Dear AMature

So, this counts as my second (and hopefully final) letter of closure for you, dearest A.

I hope you think long and hard about the mistake you made of contacting me a few summers ago.  Whether out of boredom or loneliness or curiosity, it was selfish.  You did not consider the repercussions.  You did not consider my well-being, or the amount of personal development I had undergone to finally live a happy life without you.  You took that from me.  You just showed up one day and carelessly decided that it was okay to break the shield of non-contact.  Not only that, but you basically proposed being long-distance friends with benefits.  I was stupid for thinking that I could handle that.  I was stupid for talking to you again.  It caused me months of unnecessary suffering.  

When we talked, you said you felt that all you did was ruin my life.  Now, this isn't totally accurate, because if you had truly ruined my life, then I would have nothing left to live for.  But you were definitely on to something when you said that.  I can honestly say that nothing else in my life has caused me as much misery and stress as you have.  Maybe it's my fault, because as an adolescent I didn't know any better, and I thought that I could sink the entirety of my worth as a person into you.  The effects of that poor decision have loomed over every aspect of my life, from my self-confidence, to my artistic expression, to my friendships, to my attempts at starting new relationships.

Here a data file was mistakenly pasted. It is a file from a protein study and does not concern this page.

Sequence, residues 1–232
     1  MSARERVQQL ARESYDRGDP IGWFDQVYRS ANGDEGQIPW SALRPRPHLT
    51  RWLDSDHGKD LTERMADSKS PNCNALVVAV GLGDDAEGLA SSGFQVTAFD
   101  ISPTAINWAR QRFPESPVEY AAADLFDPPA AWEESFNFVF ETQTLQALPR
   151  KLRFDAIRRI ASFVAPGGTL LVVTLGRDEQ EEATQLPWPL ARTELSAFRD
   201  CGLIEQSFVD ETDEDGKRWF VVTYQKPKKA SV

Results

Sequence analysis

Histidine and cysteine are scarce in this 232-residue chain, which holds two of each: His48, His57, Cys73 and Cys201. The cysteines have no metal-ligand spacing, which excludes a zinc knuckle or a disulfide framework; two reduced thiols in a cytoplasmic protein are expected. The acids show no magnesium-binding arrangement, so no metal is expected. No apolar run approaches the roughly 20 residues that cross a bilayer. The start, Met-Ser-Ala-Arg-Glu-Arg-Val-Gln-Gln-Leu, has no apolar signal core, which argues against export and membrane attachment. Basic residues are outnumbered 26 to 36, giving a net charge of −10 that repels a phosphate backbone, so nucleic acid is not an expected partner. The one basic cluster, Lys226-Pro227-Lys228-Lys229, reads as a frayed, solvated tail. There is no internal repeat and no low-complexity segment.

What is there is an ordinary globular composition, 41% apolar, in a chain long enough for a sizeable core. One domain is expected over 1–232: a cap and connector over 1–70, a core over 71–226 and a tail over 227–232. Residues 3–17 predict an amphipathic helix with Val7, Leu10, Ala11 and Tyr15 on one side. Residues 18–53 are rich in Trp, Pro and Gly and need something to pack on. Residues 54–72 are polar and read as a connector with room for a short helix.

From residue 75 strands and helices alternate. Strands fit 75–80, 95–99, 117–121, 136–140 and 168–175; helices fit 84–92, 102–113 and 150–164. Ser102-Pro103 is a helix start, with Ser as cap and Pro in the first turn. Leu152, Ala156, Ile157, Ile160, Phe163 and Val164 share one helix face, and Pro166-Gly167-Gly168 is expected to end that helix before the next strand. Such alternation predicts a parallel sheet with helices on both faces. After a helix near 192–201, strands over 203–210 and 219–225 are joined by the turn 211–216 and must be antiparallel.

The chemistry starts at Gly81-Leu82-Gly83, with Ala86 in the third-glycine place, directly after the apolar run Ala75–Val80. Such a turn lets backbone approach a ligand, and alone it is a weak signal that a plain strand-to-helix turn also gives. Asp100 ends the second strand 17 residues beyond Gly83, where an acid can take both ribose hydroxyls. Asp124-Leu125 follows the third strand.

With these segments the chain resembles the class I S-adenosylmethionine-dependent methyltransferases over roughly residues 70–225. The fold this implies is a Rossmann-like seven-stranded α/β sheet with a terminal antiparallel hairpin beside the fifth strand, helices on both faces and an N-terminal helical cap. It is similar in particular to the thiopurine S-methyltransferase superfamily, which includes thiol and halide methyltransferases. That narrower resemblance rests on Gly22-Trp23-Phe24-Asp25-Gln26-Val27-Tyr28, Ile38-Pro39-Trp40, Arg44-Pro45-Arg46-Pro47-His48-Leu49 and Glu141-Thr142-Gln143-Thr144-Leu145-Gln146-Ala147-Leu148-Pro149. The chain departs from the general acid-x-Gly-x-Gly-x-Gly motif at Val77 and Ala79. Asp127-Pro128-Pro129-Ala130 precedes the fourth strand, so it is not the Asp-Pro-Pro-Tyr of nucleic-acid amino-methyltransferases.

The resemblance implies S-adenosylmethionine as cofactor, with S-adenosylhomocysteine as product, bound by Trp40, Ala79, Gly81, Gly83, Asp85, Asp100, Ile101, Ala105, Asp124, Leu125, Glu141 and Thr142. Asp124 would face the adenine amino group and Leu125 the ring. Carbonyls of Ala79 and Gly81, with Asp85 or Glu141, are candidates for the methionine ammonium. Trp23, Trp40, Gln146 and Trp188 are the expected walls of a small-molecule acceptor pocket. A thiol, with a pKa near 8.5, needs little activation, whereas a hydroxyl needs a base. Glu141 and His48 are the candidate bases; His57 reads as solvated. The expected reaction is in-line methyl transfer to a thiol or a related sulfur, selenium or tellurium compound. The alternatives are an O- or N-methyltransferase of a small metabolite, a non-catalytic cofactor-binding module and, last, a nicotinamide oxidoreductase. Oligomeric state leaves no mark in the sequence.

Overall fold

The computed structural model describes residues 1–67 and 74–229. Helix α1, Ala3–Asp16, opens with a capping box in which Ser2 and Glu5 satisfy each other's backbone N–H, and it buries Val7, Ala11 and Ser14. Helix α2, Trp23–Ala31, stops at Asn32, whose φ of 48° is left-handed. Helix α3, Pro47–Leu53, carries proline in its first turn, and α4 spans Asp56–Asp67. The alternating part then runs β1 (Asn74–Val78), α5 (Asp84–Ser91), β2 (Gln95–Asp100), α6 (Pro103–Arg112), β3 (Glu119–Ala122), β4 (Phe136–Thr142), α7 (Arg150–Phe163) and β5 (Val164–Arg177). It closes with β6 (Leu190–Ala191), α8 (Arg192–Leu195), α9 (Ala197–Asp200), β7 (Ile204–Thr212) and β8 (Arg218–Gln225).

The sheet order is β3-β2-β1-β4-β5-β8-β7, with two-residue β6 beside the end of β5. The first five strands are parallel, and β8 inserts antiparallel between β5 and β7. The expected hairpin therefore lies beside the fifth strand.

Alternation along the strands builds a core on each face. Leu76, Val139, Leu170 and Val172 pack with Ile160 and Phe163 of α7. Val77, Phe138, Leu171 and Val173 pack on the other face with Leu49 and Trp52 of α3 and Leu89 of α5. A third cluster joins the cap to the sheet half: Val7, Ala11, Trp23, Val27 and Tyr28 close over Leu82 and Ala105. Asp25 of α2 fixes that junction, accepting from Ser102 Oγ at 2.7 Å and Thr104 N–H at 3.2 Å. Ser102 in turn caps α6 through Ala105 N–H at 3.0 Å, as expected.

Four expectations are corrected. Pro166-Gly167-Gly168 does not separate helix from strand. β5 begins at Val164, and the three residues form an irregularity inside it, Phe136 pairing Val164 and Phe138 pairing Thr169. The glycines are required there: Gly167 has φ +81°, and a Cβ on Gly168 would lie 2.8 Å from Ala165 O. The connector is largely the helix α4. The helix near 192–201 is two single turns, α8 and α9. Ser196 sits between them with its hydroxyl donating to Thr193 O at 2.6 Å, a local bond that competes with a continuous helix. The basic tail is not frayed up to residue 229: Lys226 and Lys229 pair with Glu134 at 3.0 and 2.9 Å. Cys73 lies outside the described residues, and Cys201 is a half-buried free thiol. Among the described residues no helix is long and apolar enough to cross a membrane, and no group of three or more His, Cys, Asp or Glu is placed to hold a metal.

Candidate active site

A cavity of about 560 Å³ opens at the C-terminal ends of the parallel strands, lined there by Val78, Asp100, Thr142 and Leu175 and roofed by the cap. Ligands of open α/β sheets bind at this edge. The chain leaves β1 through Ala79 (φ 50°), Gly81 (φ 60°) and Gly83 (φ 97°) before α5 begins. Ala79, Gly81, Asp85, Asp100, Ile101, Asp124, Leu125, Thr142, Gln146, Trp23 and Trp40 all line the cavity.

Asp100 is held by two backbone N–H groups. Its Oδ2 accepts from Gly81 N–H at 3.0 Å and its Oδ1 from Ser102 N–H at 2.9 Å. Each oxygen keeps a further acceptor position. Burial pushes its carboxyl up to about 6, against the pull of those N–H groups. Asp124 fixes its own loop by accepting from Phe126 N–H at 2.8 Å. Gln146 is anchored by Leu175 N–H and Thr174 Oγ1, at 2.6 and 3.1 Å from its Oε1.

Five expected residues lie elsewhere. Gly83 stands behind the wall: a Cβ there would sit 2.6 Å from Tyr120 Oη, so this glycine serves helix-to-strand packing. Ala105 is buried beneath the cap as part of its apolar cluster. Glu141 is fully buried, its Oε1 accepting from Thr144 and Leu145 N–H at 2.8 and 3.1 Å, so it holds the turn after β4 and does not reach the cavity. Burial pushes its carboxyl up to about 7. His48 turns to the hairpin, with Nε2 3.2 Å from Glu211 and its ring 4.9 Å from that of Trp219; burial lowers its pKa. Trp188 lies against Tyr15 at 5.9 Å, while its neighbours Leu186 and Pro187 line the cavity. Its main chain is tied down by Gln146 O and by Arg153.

It has literally taken me years to be emotionally stable enough to take on another serious relationship, and to teach myself to not be paralyzed by the fear that someone new could never hope to equal you.  I've had to shatter the stupid illusion that you were "the one" for me.  Truthfully, I want someone who is actually confident in who they are and what they do; someone who doesn't always need a boyfriend to support them and make them happy.  I want someone who isn't childish, and who sees me as more than just a tool to fend off loneliness.  I want someone whose family and friends actually appreciate me and support our relationship.

So, this is the end of me romanticizing you.  No more emotional monuments or placeholders.  I just want to move on with the promise of finding true love again, but this time in a healthy and mature form.  That is what I deserve.  

And if the urge to contact me strikes you again in the future?



The End

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